“He is?”

But if Tracy thinks about it, she knows he is.

“Don’t turn around, Tracy. You almost did it. Just forget everything you know about me because it’s not there anymore. Okay? Karen, Rodney, and I agreed to wait till we had the kitchen to ourselves. Then we’d go into the pantry and eat what was taken from us. Okay? We didn’t have time to go over what that might mean. We were scared out of our minds. Stupid. We were stupid. And stupid with a plan isn’t any less stupid. But we pretended all day. Rodney read. Karen sat on the deck. I walked up and down the drive. We acted like we were examining the new us, okay? Acting like we hadn’t made up our minds yet if this was good or not. Late night, Morris and Baum were still out in the fields. You could kinda see them. Nowhere near each other. And then Oliver… went to sleep. Okay? He fucking fell asleep on the couch in the living room and Karen came and grabbed me by the wrist and grabbed Rodney, too, and then we were suddenly in the pantry, the door closed behind us. She used her phone light to shine on the jars and we read all these… names…. and that was when we realized we had no idea who we were.”

Tracy closes her eyes. What is Connie telling her? What did they do?

What did they eat?

“So we talked it out. Okay? We asked each other questions and based on those questions, and our memories of who each other used to be, we decided what to eat.”

“Oh, Connie…”

“Yeah, well, turns out personality traits aren’t so black and white. Did you know that empathy mates with resentment? That while you understand how the other person feels you start saying hey why don’t you understand how I feel, too? Did you know that intelligence sleeps with indecision? Sometimes, when you know too much… Okay. Listen. I think we made poor choices because we were scared and we wanted ourselves back immediately. Rodney ate bravery. Because he thought he’d need it. Karen ate cunning. She wanted to come up with a plan to get everyone out of here safely. And I ate… well I ate some deception. Okay? I thought I needed to fool Oliver. Fool him right back.”


“You can stop saying my name. Honestly, just stop. Okay? Listen, as you can guess, because you’re smart, and you’re still something like Tracy, you can guess how all that went wrong. Rodney’s bravery led to him confronting Oliver outright. Karen’s cunning turned into her lying to the rest of us. And my deception made it so I didn’t help either of them out. All this after laughing like hyenas and falling asleep. Okay? We fell to pieces laughing in the pantry until we were on the floor and couldn’t, didn’t want to, get up. And while we were down there I saw a pair of bare feet that made me laugh so hard, Tracy, I thought I was going to puke. I wish I had. Instead I slept. We all did. And we all woke in our beds. Okay. So, next morning, all cropped up, Rodney went after Oliver, demanding he explain what was going on. Oliver kept brushing it off. Saying he had to do chores. But we knew. He knew. And Morris and Baum had been out in the fields for at least twenty-four hours by then. Karen went out there to talk to Baum but I don’t know if she ever found him. I haven’t seen her since. Morris came back eventually. Told Oliver what Baum had done out there and Oliver told him Baum had gotten into the bad crops. Rodney asked Oliver what that meant? How could we help? Didn’t we have to help? But Oliver only shrugged and said the only answer for bad crops was good ones. Okay. Well, Rodney lost it then, attacked Oliver. Grabbed him by the shirt and threw him against the wall and then Morris was suddenly on Rodney and I was yelling at them to stop, stop it, as The Farmer came into the kitchen, threw Morris off Rodney like he was a piece of paper, and dragged Rodney by his hair into the pantry. Went in there with him, slammed the door shut behind them.”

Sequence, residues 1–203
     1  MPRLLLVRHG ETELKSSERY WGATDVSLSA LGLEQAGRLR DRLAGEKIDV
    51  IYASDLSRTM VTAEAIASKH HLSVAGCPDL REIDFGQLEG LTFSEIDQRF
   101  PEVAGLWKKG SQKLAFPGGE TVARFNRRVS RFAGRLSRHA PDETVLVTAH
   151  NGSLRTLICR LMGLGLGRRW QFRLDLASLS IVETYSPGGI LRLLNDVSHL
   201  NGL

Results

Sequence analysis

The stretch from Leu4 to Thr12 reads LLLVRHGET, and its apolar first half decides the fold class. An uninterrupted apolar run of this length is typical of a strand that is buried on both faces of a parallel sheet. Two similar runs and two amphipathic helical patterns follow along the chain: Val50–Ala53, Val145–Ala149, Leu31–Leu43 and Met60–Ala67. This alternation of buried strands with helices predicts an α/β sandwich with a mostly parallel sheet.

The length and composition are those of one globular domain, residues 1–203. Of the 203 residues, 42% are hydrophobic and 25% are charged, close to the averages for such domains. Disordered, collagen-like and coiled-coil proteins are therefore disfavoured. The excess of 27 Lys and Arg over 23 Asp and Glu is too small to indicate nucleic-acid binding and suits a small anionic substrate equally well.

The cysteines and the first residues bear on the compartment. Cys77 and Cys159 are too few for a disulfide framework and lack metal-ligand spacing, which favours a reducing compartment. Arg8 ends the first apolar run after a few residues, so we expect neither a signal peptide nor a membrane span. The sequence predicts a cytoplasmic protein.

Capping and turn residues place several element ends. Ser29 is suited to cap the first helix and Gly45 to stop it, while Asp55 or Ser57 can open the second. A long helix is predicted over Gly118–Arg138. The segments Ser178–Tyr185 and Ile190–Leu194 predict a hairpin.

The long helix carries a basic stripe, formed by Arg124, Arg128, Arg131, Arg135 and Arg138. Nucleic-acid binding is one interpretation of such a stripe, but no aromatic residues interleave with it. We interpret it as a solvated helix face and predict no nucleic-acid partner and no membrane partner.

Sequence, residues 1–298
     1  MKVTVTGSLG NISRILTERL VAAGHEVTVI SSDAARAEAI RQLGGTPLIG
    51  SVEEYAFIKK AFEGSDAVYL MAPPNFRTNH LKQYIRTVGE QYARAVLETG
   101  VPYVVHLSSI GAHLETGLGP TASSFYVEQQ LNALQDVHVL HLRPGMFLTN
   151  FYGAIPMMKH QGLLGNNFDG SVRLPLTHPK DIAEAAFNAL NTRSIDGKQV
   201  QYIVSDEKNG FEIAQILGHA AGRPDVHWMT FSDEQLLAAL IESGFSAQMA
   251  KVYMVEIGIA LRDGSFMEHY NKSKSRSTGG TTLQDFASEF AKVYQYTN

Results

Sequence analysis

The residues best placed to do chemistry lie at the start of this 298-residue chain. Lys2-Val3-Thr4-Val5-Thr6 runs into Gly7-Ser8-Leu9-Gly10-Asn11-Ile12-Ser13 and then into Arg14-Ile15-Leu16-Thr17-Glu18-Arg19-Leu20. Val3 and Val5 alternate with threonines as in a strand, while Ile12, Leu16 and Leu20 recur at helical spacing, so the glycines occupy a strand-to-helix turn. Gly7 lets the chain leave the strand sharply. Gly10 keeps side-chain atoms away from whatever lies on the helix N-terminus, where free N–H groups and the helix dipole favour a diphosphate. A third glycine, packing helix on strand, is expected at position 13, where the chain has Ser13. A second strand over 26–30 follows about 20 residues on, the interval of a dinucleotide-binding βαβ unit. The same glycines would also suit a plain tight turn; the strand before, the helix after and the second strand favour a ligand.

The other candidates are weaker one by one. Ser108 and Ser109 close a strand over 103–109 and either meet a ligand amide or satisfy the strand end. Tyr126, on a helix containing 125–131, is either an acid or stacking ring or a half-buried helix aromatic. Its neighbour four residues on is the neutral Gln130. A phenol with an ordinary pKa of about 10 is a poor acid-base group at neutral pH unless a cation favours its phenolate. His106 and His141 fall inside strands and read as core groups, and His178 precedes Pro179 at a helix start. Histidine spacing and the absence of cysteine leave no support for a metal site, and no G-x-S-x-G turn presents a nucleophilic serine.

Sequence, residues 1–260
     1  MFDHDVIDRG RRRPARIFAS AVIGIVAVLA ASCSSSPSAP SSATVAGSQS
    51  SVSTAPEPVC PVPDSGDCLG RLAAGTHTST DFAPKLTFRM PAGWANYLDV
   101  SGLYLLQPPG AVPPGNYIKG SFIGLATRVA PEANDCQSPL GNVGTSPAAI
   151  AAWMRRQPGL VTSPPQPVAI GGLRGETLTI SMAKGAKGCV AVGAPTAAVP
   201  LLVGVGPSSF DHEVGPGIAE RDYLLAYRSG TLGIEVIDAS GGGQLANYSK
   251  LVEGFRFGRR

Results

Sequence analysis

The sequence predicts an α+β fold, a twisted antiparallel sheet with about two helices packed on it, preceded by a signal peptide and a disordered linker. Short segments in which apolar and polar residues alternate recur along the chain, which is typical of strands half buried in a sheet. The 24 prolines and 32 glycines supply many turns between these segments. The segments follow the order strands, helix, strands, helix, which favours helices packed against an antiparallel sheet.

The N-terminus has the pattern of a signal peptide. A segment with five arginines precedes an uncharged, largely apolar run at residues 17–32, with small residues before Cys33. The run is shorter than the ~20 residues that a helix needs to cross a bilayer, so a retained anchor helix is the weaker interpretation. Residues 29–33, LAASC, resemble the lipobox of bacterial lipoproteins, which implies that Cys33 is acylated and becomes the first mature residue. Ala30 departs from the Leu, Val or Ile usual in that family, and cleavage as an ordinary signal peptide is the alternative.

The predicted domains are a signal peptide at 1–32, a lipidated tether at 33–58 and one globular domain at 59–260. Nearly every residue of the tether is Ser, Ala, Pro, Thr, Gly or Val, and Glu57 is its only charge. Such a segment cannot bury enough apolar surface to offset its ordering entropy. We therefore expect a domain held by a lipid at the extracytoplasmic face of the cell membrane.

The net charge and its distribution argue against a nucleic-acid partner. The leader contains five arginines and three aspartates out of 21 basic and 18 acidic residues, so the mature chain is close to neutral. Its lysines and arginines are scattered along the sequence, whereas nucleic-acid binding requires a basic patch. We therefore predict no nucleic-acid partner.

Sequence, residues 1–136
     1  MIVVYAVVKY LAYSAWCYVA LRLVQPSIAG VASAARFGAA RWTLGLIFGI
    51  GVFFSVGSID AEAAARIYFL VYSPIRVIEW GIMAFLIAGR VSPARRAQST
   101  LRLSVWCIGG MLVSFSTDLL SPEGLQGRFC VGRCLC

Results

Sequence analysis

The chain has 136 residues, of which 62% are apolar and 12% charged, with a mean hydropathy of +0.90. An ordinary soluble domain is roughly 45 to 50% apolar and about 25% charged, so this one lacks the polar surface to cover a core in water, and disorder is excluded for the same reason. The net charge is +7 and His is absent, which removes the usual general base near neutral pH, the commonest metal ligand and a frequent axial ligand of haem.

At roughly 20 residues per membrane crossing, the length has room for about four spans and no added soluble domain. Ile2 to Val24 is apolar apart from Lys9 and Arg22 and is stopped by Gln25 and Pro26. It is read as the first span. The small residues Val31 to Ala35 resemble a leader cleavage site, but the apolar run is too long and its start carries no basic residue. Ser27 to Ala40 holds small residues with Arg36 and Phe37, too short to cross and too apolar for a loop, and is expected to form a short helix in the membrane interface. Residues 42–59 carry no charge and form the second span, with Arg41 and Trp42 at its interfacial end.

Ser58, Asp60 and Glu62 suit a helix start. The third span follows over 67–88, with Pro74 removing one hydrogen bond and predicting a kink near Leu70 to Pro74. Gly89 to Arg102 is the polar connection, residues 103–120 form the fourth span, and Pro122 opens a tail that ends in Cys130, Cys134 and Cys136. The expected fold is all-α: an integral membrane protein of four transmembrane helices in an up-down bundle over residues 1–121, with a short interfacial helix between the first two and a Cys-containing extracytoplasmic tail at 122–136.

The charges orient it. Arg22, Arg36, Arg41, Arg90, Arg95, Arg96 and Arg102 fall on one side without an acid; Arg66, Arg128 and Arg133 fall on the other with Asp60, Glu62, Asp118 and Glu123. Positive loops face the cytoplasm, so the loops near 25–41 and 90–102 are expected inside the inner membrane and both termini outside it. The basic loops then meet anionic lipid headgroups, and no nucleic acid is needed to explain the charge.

Tracy feels cold. Black ice.

“What happened to him?” she asks.

“Do not look at me,” Connie says. “It will not end well. Okay?”


“Okay. Morris was knocked out on the kitchen floor and I stood dumbly staring at the floor, listening to the sound of Rodney being force-fed crops in the dark.”

“Oh, Connie… we have to leave. We have to leave this place right now.”

“Really? As we are? I’m not leaving here until I put myself back together again. You can do whatever you want.”

Tracy looks across the fields, sees the farmhouse. Sees the barn.


“Where’s Rodney now?” she asks. Connie can’t help her anymore. Not beyond this conversation. The Connie that speaks to her, speaks over her shoulder, talks with a different cadence, a different compass. Tracy thinks she can hear a thousand traits at once: a discord of identity.

A crisis.